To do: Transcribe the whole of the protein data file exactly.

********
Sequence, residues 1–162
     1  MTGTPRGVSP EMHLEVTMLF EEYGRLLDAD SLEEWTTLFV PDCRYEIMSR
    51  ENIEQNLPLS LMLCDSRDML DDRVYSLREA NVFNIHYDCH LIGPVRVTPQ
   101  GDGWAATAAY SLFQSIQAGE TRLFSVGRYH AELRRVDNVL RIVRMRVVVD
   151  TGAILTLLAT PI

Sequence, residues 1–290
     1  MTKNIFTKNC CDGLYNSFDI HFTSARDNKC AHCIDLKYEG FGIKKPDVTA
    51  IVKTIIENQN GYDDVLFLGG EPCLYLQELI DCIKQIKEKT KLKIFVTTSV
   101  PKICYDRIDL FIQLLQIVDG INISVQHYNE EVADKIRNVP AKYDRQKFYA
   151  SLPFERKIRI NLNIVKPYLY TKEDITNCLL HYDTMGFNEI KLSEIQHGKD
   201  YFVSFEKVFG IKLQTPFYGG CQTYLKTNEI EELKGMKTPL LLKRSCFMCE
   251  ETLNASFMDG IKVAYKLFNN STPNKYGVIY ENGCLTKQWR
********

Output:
Sequence, residues 1–162
     1  MTGTPRGVSP EMHLEVTMLF EEYGRLLDAD SLEEWTTLFV PDCRYEIMSR
    51  ENIEQNLPLS LMLCDSRDML DDRVYSLREA NVFNIHYDCH LIGPVRVTPQ
   101  GDGWAATAAY SLFQSIQAGE TRLFSVGRYH AELRRVDNVL RIVRMRVVVD
   151  TGAILTLLAT PI

Sequence, residues 1–290
     1  MTKNIFTKNC CDGLYNSFDI HFTSARDNKC AHCIDLKYEG FGIKKPDVTA
    51  IVKTIIENQN GYDDVLFLGG EPCLYLQELI DCIKQIKEKT KLKIFVTTSV
   101  PKICYDRIDL FIQLLQIVDG INISVQHYNE EVADKIRNVP AKYDRQKFYA
   151  SLPFERKIRI NLNIVKPYLY TKEDITNCLL HYDTMGFNEI KLSEIQHGKD
   201  YFVSFEKVFG IKLQTPFYGG CQTYLKTNEI EELKGMKTPL LLKRSCFMCE
   251  ETLNASFMDG IKVAYKLFNN STPNKYGVIY ENGCLTKQWR